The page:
sun & Son

The sun is light.
There is light in the sun.

The Son is life.
There is life in the Son.

The Son’s love is
longer than beams,
brighter than shine,
deeper than kissed-skin,
fuller than the largest star,
deeper than yellows, oranges and reds.

Still, sun gives life.
Likewise, the Son.

Written on June 13, 2017, 1:50 A.M.


Crew 52

  • While waiting and stuck in the Bullseye Lodge line, “Hey ‘Crew 52’, can you get us free Doritos?”
  • “Don’t trust someone who wears sunglasses indoors.” “Sunglasses are the best for people watching,” says fellow Zone 8A volunteer.
  • Those who are really paying attention to Crew 52 uniform. “Where can we buy Bold North mittens?” “The color matches your skin.” “I like your hat!” “So, do you really get to keep it all?”
  • “We were here last night. We live on 12th and LaSelle. We had to come back cause we didn’t see it all,” a couple shared.
  • “Where are the restrooms?” Having to answer with the closest porta potty location.
  • Waiting 30 minutes for the Kitten Bowl, “Can I get a beer while in line?”

Interview Day. Inside Volunteer Headquarters, I was greeted by happier than normal, brighter than usual smiles. I sat across a blonde lady who asked questions about what I enjoyed in Minnesota to times I provided hospitality. She said none of us hopeful volunteers would be inside the stadium on game day. I didn’t know Volunteer Headquarters would become an important place.

Orientation. A flock of purple and gold inside the Xcel Energy Center. My demographics fell within the youngest age group of volunteers. First time seeing Chad Greenway in person. The fashion show of our provided uniform was a sweet surprise. Counterterrorism, human trafficking and homelessness training to come? This was getting real.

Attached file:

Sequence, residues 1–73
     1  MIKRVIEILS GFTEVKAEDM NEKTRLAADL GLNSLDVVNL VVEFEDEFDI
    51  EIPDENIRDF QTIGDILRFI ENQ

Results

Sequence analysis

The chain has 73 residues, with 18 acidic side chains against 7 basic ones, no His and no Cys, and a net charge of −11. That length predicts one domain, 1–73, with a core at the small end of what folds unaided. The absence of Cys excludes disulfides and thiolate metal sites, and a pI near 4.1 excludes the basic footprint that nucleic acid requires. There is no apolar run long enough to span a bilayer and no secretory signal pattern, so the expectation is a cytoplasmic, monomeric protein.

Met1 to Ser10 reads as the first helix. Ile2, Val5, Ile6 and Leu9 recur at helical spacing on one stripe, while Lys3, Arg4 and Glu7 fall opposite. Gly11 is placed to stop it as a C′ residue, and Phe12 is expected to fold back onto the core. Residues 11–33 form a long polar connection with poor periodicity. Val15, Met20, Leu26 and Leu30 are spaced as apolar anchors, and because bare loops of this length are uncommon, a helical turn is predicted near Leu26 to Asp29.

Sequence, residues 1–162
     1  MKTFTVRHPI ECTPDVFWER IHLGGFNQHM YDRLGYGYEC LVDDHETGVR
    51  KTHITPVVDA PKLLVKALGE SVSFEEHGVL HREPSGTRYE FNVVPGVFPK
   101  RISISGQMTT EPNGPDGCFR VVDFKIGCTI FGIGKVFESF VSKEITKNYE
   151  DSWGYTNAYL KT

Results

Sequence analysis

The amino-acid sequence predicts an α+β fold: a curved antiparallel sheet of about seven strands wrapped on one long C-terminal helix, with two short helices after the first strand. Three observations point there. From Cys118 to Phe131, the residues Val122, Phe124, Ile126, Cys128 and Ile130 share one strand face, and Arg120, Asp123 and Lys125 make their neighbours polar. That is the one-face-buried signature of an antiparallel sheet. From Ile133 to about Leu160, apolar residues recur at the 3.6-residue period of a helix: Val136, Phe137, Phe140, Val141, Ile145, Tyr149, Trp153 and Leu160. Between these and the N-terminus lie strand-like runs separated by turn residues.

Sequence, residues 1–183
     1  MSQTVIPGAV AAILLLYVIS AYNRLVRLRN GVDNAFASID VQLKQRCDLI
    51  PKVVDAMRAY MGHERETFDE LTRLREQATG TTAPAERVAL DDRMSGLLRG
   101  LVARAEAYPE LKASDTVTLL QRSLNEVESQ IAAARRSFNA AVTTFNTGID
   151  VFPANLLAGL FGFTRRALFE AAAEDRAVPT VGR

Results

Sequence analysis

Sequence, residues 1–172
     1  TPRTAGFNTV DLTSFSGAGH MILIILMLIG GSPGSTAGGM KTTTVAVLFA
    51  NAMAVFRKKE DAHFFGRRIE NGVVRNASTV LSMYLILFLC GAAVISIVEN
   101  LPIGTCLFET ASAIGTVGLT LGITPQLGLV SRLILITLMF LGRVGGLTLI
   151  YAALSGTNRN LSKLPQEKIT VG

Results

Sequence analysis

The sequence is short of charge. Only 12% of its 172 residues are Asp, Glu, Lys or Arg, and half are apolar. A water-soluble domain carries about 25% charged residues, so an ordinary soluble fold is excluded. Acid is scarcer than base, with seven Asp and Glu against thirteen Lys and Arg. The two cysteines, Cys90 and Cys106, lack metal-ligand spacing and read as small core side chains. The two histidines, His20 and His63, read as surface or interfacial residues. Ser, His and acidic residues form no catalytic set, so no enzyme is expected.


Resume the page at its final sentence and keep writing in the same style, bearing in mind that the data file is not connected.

Role Specific Training. Tailgates up early morning downtown on the day of Vikings’ soon “Minnesota Miracle” win against the Saints. Informed of possible duties. Picked up our uniform box sized best to carry inside a large Ikea shopping bag. Light flurries.

Super Bowl Live. A free 10-day festival filled with pre-Super Bowl fun. I was pumped to the point where I made a public video announcement to Facebook friends to invite and encourage them to come. What cold? What crowd? Layer up and enjoy! The most time I’ve spent with memories made along Nicollet Mall.

I was in my mother’s womb the first and last time the Super Bowl was held in Minnesota. I had to actively be a part of it this time around. A historical, once in a lifetime, moment. I initially wanted to be a Halftime Field Team Member. Crew 52 was a special way to represent Minnesota. There’s a warm, missing everything that happened, glow inside.

P.S. I’m glad Minnesota showed itself off on Super Bowl Sunday with the negative wind chills. Gotta be bold to endure the Bold North!

Ms. Esperance

Guest teachers have interesting career journeys.

“Where have you taught before?,” I asked Ms. Esperance.
“I taught in Rwanda. I moved to the US and worked in business administration…”

Rwanda. My heart dropped. I tried really hard to pay attention as Ms. Esperance continued sharing her work history. Ruranga, my dear sponsored child, lives in Rwanda. I shockingly found out Spring of 2017 I could no longer sponsor Ruranga because she moved to an area without a sponsorship program. 5 years with no official farewell.

I shared with Ms. Esperance my connection to Rwanda. Ms. Esperance named “Compassion,” the sponsorship program, even before I explained. My heart sank again. She expressed how Compassion really helps poor families. She asked about how sponsorship worked out. She thanked me for being a sponsor. She even read a part of a letter (I showed her one as I explained the sponsorship process) and pronounced Ruranga’s full name to me in Kinyarwanda. My heart became full.